Sewage system 'will not cope' with plans for thousands of new homes, council warned

A visualisation used in the design code planning guidance for the forthcoming Burtree Garden Village
A visualisation used in the design code planning guidance for the forthcoming Burtree Garden Village -Credit:Designe

Darlington's sewage system will not be able to cope with plans for thousands of new homes, the council has been warned.

Plans for 750 homes as part of the Burtree Garden Village development were approved by Darlington Borough Council's planning committee on Wednesday. But residents said the water quality and sewage treatment facilities in the borough are in danger due to the growing population.

Ken Maddison, a retired sewage worker, told the meeting that the Darlington population has increased from 50,000 to over 100,000 since the Stressholme sewage facility was built in 1939. The Environment Agency said additional foul flows from the Burtree development "may put the waterbody at risk of deterioration and prevent the waterbody from achieving Good Ecological Potential."

A statement submitted to the council added: "Therefore, it will not be appropriate to connect the development to Stressholme until the applicant has demonstrated that there will be no environmental impact by accommodating this proposed development and/or until the treatment works are sufficiently upgraded."

Meanwhile, Green Party councillors warned of the waste that could cause environmental damage to the River Skerne. Cllr Bryony Holroyd, member for College ward, said: "We, as a council, have a duty to improve the water quality in the borough and must ensure these combined overflow issues do not make our water quality worse."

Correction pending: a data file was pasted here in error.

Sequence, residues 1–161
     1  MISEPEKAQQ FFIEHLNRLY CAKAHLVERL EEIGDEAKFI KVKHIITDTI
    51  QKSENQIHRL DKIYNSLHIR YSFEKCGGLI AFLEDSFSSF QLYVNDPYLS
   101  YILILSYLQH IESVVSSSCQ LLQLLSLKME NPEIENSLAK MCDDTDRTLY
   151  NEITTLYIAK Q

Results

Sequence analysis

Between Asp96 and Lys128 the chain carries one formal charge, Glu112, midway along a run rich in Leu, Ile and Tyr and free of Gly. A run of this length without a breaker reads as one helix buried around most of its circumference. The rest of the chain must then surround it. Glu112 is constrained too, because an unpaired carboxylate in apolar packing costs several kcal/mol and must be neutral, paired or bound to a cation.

The political party's concerns were shared by resident David Clark, who spoke at the meeting. He said: "Last year, we had more raw sewage spills into the River Skerne and Tees than the year before. Could that be down to all the new builds?"

Conservative councillor Gerald Lee requested a decision on the planning application be deferred due to the concerns. "This application does not sit well on my shoulders because of the sewage problems," he told the meeting. However, Darlington Council said it had assurances from Northumbrian Water that it could manage the increased demand. Representatives from Northumbrian Water were not at the meeting to respond.

And cllr Libby Mccollom said she believed the issues raised could be "adequately dealt with" by the responsible local authorities. The Labour councillor encouraged members to approve the application.

"I understand fully that this does not sit well with colleagues, it's not an easy application," she said. "But what has been presented today, the discussion we've had, and the response from officers I feel comfortable to back the decision to approve."